The Iron Curtain...it sounded daunting in 1972, but still I had always longed to visit the USSR. Revered acting directors Stanislavsky and Chekhov had been members of the Moscow Art Theatre, and their contributions to "the method" and experimental techniques in acting intrigued me. Then there were the Russian Ballet, the Russian circus, and the Russian gymnasts. All had perfected their art forms to the four qualities of artist creation: ease, form, beauty and entirety.
My opportunity finally came when I was living in France during 1971-72. A two-month study program was announced that included meeting and working with the artistic community in Latvia, the USSR, and Poland. I signed up at once.
The trip turned out not to be a lesson in freedom of expression as I soon found out, but a study of manipulation and indoctrination. The United States at the time was involved in the Vietnam War, a full-fledged, undeclared atrocity that was killing young Americans and scarring the minds and emotions of those who survived. Although I loved America, I was against what we were doing in Indochina. Like many teenagers at the time, I believed it was unfair to require young people to die for their country before they were allowed to vote. Many Americans were loudly protesting their government's policies, a luxury that I soon learned was unavailable behind the Iron Curtain.
Our plane landed in Leningrad, and we all went to claim our baggage. I had covered my backpack with small flags, mementos of each nation I had visited on my journey. But when I retrieved my luggage, all the flags of the non-Communist countries had been cut off. Whether someone had taken them as souvenirs of countries they had little chance of visiting, or whether an official had cut them off for political reasons, I never knew.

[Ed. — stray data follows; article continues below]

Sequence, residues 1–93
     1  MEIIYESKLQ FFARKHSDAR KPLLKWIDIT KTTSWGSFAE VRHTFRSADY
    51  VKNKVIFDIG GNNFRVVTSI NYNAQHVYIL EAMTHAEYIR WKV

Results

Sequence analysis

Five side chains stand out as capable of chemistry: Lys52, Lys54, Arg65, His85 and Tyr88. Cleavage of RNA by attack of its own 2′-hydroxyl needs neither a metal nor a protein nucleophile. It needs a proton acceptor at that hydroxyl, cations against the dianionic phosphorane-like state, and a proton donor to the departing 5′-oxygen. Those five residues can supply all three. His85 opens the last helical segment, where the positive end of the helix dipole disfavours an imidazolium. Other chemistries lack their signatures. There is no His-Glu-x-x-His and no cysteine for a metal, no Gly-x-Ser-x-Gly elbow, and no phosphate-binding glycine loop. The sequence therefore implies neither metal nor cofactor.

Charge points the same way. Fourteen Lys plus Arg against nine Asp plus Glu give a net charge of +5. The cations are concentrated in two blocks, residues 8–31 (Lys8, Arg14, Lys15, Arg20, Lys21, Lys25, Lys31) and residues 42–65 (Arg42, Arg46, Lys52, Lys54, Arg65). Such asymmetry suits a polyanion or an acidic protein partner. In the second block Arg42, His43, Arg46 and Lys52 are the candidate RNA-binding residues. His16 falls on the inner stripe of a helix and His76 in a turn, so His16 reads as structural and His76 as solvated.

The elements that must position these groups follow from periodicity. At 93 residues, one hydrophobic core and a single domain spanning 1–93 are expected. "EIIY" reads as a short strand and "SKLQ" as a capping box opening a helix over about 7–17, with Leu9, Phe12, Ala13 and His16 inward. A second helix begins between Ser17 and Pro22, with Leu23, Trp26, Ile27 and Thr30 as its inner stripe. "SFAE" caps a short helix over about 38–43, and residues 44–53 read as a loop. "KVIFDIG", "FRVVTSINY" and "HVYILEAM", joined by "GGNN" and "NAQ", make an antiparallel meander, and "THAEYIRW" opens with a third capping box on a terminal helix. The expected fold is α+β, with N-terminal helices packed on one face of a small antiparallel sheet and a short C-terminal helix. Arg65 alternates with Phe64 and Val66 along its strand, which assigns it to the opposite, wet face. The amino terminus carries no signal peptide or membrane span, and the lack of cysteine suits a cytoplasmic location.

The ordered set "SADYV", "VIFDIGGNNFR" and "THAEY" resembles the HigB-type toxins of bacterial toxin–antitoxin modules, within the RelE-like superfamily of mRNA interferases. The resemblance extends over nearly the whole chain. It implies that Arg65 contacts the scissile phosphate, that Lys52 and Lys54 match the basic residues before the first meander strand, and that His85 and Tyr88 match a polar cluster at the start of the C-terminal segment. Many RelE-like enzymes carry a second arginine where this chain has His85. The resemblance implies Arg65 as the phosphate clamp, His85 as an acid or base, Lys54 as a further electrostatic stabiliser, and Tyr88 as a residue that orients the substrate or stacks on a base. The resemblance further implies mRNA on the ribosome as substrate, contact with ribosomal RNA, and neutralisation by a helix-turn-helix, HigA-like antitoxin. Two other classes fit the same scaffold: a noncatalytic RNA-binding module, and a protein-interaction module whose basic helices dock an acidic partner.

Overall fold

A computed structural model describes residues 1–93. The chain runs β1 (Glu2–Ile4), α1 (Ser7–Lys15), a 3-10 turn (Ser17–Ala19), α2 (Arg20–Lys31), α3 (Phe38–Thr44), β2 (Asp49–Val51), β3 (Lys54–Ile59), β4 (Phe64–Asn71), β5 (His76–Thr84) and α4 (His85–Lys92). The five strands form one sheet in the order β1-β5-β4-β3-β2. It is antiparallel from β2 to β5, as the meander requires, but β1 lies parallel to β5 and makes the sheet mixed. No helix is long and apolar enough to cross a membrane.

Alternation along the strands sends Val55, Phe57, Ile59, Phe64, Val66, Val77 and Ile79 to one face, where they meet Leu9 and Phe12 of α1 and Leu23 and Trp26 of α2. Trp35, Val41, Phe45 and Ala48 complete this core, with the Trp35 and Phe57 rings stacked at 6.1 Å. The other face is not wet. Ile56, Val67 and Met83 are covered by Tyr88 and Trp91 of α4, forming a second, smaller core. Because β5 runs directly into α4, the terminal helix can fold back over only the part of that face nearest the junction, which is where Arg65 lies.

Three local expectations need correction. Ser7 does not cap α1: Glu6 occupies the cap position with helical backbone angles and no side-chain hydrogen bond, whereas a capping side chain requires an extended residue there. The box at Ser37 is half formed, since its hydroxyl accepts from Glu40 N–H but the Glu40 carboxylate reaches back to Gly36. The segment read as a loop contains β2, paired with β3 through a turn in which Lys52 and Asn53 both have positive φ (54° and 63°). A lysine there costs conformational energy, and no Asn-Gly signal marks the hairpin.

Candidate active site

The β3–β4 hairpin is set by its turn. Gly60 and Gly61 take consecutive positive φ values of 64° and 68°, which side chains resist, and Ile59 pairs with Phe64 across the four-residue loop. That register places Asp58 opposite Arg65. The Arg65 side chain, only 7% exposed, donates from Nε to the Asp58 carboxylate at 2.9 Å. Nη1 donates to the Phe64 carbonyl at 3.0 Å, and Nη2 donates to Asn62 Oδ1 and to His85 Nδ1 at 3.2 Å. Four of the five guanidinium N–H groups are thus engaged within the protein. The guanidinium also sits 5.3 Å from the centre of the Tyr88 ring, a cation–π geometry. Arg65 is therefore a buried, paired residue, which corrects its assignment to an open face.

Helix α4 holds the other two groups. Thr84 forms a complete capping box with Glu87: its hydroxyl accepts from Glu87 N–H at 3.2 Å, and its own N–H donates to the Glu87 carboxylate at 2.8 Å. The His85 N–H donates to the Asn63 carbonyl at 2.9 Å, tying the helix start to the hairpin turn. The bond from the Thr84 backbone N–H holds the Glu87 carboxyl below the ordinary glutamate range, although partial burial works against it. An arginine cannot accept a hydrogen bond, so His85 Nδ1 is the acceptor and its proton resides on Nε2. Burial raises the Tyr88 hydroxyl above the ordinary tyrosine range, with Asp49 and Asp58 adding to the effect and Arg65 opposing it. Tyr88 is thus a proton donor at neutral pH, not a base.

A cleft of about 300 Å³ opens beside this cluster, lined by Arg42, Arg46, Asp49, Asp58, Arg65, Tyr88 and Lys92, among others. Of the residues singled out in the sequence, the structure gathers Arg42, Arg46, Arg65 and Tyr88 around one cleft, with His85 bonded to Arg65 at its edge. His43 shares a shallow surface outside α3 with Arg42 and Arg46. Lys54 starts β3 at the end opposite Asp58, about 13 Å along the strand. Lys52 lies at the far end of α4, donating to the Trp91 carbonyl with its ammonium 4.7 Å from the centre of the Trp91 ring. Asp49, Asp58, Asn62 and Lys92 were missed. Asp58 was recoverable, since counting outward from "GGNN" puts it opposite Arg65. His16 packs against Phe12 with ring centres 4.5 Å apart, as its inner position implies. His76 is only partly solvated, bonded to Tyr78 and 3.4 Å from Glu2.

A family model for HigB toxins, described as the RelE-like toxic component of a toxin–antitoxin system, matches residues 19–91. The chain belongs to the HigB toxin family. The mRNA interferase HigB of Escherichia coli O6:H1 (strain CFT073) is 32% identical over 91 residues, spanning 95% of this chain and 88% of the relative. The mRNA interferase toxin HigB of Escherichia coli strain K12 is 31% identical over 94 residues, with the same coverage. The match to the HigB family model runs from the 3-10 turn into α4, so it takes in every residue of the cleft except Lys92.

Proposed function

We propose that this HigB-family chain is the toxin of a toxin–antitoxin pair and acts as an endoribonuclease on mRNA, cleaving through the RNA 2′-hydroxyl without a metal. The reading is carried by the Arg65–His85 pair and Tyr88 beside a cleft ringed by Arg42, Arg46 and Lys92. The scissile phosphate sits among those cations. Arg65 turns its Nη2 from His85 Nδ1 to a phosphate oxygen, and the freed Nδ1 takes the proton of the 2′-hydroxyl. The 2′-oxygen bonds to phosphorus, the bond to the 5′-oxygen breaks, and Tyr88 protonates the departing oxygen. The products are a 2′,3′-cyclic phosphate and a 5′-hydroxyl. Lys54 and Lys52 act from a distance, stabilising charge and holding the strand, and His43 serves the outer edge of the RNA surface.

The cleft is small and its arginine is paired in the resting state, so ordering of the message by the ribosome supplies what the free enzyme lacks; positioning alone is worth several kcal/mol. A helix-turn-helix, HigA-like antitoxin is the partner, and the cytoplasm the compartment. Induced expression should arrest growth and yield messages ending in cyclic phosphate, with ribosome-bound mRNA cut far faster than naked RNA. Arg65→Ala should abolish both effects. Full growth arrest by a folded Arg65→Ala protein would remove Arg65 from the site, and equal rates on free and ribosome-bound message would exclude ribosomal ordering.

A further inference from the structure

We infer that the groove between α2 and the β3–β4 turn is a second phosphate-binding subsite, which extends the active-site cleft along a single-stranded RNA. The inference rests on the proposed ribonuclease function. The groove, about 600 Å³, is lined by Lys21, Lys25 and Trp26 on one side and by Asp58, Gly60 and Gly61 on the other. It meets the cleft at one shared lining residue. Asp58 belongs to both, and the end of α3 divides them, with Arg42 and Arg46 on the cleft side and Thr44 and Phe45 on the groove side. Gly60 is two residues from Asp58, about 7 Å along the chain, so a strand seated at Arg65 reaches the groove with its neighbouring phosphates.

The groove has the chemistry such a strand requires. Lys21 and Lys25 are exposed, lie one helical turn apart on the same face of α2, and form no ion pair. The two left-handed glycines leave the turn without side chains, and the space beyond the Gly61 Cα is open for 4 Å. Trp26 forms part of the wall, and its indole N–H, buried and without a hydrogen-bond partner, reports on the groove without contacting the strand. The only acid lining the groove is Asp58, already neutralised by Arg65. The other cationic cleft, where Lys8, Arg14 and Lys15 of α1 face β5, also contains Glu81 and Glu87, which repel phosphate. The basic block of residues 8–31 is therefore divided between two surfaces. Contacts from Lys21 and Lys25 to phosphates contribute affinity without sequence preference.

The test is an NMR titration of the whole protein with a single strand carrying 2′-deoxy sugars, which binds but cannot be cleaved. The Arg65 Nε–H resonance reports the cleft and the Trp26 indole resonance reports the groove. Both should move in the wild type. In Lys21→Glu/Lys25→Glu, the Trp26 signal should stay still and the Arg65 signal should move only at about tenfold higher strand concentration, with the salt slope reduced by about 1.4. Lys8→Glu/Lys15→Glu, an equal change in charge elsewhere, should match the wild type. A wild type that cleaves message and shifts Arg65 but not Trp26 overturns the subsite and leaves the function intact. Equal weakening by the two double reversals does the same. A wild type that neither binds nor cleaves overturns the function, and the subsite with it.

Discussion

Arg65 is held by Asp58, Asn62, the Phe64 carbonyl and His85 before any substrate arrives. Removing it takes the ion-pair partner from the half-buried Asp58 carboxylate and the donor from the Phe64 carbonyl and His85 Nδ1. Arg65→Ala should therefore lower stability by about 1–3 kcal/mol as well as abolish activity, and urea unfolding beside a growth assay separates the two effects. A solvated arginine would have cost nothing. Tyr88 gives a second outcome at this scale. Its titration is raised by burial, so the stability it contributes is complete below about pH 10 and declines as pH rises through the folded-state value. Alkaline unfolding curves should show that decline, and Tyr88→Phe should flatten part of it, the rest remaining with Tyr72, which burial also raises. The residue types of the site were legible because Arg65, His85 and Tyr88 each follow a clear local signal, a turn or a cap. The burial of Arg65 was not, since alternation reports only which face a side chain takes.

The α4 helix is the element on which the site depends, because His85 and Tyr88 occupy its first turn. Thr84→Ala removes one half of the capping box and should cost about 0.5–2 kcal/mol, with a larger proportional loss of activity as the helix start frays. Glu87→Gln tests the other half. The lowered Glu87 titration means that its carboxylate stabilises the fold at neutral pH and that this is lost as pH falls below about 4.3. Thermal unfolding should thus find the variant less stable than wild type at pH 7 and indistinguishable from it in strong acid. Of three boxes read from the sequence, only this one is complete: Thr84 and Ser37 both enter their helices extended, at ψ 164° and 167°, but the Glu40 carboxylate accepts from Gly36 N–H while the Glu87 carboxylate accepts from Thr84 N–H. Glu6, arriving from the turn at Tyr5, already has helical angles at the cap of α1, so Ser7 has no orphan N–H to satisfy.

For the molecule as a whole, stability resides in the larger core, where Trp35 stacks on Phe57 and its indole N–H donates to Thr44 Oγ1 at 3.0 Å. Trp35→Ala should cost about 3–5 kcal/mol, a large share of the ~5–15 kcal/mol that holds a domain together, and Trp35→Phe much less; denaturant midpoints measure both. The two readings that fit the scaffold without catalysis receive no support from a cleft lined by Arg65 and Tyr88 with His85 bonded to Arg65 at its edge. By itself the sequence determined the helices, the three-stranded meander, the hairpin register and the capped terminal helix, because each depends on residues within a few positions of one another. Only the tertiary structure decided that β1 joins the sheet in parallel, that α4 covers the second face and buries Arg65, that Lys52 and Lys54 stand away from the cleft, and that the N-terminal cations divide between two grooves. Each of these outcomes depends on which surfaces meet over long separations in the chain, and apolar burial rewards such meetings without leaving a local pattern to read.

We were taken to a holding room where we were searched by armed guards. Two of my fellow students had made the mistake of taking a photograph in the airport. They were quickly arrested and taken away as spies, their cameras and film confiscated. When they were returned to the group two days later, they were exhausted and bedraggled from intensive interrogation.
Our polite but timid tour guide collected our passports "for safe keeping." Actually, the authorities feared we might sell them to local citizens, then claim they were lost and apply for new ones at an American embassy. We were told we must convert a specific amount of cash into rubles at the official moneychangers and spend it all. No giving money away, and anyone getting the much more favorable exchange rate from black marketers would be severely punished. Actually, it hardly mattered. We soon found there was nothing to buy with our rubles except propaganda posters, Lenin buttons, those stacking Russian dolls, and vodka.
In the USSR, where the Russian Revolution had ousted the Czar in 1917 and installed a communist regime, there were few people left who remembered a country called Russia. Not that life under the Czars could be called freedom, but at least art, music, and beauty had been encouraged. The only beauty I now witnessed was pre-1917. Now, the cities were gray, the sky was gray, the clothing was gray, the sugary tea was gray. Life was dismal and gray. People cued in long lines for everything. Everyone appeared forlorn and beaten down. It appeared that anything pleasurable was forbidden to the common citizen. Gray seemed to be the national color in the USSR, with an occasional welcome flash of a fuchsia babushka.
My fantasy of artists working in harmony and with a free spirit was quickly crushed.
We went to the museums, circuses, theater, ballet, and gymnastic competitions, but the happy exchange of artistic ideas was nonexistent. The artists could speak to us only in hushed tones when the attention of our tour guides was elsewhere. As they spoke, their eyes rarely met ours as they scanned the area for any clandestine agents. They were eager to know what we knew, and what it was like where we came from. What were the popular songs, films, plays? How did a hamburger taste? I felt a strong sadness and a sense of their being prisoners of time. Yet, their instinctive freedom was expressed in their creativity, their internal beauty, and their art forms.
One day, as I was walking in the rain, I found a huge rusty broken padlock on the ground. I picked it up, and, instinctively looking around to see if anyone was looking, hid it in my coat. This, I decided, would be the memento to remind me of the value of my own freedom.